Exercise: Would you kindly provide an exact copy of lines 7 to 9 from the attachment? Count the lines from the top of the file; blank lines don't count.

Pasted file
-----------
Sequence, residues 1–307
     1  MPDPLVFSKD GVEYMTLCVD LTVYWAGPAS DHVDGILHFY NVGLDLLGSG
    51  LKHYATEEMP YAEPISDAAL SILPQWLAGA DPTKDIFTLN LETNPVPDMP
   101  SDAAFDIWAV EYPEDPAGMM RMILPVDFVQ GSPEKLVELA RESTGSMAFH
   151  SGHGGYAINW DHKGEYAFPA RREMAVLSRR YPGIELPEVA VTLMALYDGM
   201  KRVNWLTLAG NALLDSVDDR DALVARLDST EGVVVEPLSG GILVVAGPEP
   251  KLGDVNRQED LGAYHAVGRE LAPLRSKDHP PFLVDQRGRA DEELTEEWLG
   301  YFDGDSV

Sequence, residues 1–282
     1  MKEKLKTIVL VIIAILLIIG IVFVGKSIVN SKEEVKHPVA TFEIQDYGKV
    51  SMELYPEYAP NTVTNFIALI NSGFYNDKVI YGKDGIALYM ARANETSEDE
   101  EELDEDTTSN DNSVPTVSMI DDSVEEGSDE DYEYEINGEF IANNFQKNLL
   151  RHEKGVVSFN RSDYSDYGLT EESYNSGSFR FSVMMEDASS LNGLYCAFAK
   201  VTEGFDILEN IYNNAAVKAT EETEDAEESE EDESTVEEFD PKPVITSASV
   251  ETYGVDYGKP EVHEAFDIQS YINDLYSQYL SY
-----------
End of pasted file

   251  KLGDVNRQED LGAYHAVGRE LAPLRSKDHP PFLVDQRGRA DEELTEEWLG
   301  YFDGDSV

Sequence, residues 1–282